Across the country, Uber, Lyft, and other car services - they call themselves "technology companies" - have been pulling business from the taxi industry. The companies that own the yellow-and-black chariots, which have been subject to regulations for better or worse over the years, are trying to hold onto their longstanding market share. Now those taxi companies have pushed city and state lawmakers to create new laws to clamp down on the expansion of Uber, Lyft, and other car services.
Until recently, Reed has kept quiet about his stance toward the taxi industry's fight in Georgia. Earlier this year, his spokesman noted to CL that regulation needed to be addressed at the state level. Vehicles would still have to adhere to applicable laws. But In a recent interview with The Atlantic, he expressed his love (literally) for the transportation startup:
I think they're going to fight a 15 round fight, and I think that Uber's going to win. And the taxicab industry is going to have to change and get more flexible.
But in the interim, they're going to flat out fight it out, and mayors are going to be in the middle of it, because the taxicab industry is so old and staid and never had real competition, and now it's being forced to innovate.
Uber has a real challenge. Uber has to maintain the level of quality that made Uber the brand it is today. And I think that at this point in the life cycle of that business, and that space, they haven't had time to go out there and do 5 years and 7 years and 8 years to see, is your Uber experience the same. Because I had one the other day that was pretty close to a cab. So they're going to have to fight that out. I know that I'm going to get a mean letter, Uber.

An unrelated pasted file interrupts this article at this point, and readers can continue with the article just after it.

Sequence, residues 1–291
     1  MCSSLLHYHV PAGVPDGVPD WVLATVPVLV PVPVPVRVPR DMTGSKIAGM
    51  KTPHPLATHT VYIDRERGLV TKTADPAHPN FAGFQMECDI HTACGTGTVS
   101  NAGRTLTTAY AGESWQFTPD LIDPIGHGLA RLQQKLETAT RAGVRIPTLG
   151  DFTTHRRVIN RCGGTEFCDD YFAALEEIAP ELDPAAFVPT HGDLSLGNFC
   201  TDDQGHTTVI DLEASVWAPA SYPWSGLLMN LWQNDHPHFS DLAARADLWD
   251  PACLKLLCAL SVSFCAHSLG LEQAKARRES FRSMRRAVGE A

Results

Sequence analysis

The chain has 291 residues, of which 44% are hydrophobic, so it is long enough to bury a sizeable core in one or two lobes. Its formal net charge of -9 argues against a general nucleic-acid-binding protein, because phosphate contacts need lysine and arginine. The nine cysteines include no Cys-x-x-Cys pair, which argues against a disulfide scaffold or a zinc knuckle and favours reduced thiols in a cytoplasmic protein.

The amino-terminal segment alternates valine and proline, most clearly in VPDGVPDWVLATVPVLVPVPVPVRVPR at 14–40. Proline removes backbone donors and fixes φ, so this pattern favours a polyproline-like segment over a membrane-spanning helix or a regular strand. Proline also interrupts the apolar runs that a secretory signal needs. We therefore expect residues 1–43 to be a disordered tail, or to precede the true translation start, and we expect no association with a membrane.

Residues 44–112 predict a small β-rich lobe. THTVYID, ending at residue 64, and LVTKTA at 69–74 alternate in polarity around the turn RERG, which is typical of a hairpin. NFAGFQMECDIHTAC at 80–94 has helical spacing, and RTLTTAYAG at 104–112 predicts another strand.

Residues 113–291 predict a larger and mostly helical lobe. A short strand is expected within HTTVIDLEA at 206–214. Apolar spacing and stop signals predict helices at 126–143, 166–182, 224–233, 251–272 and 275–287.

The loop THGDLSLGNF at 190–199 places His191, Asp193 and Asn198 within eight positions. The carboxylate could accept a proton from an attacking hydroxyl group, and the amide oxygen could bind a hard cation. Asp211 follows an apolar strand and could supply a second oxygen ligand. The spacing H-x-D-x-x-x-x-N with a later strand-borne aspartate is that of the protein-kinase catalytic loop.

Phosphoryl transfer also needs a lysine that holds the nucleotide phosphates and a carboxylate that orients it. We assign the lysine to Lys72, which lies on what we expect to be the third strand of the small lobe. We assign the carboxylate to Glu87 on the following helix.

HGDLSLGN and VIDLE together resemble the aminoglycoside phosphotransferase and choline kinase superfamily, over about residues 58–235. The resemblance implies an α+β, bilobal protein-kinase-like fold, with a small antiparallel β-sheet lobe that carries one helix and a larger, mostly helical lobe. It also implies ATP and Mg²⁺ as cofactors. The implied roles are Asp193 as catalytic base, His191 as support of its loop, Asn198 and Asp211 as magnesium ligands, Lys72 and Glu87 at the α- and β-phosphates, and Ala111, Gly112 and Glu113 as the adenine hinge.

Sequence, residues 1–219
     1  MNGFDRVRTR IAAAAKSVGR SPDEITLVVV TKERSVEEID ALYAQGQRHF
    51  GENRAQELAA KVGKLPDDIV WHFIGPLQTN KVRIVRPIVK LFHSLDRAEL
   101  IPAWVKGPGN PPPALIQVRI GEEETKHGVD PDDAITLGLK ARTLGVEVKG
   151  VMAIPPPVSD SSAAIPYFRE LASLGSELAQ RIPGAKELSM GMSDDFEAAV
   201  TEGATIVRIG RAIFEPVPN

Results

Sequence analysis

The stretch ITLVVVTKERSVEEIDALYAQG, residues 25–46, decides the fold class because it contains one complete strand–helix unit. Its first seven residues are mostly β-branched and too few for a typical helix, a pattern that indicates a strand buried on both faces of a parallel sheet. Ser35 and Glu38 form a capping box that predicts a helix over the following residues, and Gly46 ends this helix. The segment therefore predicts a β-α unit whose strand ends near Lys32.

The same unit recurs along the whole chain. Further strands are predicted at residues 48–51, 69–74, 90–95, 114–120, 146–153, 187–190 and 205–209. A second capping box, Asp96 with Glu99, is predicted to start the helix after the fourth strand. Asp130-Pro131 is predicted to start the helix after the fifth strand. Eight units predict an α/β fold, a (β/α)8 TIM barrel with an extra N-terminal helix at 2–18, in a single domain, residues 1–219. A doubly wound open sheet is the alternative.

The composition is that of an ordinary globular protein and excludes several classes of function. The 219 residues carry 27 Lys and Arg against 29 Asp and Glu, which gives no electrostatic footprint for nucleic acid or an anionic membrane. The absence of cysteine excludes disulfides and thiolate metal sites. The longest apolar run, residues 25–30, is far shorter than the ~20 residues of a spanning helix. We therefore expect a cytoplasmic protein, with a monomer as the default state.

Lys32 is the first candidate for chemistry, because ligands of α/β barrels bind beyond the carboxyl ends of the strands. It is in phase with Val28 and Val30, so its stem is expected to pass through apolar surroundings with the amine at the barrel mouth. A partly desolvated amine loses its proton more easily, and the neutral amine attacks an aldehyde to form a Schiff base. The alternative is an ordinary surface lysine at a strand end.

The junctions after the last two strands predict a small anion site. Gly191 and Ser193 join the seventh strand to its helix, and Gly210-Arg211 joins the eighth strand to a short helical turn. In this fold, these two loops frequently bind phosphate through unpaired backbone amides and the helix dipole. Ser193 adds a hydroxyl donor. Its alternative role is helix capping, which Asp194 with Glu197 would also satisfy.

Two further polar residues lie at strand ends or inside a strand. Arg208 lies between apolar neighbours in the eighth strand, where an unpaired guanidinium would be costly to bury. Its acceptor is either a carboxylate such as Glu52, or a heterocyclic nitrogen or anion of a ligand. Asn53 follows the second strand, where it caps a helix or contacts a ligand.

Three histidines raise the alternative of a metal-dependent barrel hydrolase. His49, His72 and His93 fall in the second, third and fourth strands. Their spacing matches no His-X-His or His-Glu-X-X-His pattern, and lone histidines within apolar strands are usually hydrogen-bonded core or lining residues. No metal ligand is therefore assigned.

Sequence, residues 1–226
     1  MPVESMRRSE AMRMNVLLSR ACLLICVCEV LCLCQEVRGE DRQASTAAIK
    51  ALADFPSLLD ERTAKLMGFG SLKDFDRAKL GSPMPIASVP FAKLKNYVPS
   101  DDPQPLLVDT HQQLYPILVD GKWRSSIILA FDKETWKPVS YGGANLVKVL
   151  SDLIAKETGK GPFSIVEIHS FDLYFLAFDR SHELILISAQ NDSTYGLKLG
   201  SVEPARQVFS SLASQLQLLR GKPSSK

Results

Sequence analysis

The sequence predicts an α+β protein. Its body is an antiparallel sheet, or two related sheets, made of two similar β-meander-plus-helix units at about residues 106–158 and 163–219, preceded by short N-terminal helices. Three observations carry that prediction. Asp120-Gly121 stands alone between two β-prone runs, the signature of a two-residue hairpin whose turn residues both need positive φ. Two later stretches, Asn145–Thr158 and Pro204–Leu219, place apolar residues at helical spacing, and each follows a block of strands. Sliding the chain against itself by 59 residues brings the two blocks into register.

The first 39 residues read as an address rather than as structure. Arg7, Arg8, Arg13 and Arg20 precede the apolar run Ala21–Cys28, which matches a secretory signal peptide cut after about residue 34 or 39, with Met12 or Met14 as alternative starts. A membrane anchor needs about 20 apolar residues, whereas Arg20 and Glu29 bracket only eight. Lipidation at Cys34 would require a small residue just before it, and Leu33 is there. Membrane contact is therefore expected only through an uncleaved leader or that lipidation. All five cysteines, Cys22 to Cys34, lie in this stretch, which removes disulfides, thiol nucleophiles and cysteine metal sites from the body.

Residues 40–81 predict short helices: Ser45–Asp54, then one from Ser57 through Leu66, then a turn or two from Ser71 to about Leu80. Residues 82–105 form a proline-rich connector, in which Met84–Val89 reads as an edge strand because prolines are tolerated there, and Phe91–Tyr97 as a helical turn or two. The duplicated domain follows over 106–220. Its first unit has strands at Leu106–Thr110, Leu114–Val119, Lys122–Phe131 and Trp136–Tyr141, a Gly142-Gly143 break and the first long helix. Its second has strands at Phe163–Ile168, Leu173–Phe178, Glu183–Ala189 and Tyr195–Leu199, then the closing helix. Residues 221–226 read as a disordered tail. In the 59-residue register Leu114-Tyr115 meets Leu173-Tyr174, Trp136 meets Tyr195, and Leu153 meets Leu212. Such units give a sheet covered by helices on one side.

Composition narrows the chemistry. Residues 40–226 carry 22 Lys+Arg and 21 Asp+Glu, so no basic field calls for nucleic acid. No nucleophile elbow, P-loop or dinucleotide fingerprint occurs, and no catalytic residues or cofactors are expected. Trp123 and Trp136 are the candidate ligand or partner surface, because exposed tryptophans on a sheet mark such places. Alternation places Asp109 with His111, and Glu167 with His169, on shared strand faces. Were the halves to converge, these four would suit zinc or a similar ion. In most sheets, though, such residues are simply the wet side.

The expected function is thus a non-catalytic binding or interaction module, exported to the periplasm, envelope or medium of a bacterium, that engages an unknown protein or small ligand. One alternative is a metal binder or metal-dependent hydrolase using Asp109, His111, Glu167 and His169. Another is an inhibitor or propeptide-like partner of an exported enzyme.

I love you.
Back in February, state Rep. Alan Powell, R-Hartwell, introduced a measure would have heavily regulated Uber and Lyft. The bill didn't gain enough traction under the Gold Dome to become law. Powell, however, was able to create a special committee to study the issue more thoroughly. The debate could easily return in 2015.
In the past, Reed has vowed to champion startup interests. Perhaps Uber and Lyft will have an ally when the debate over their future in Georgia resumes.
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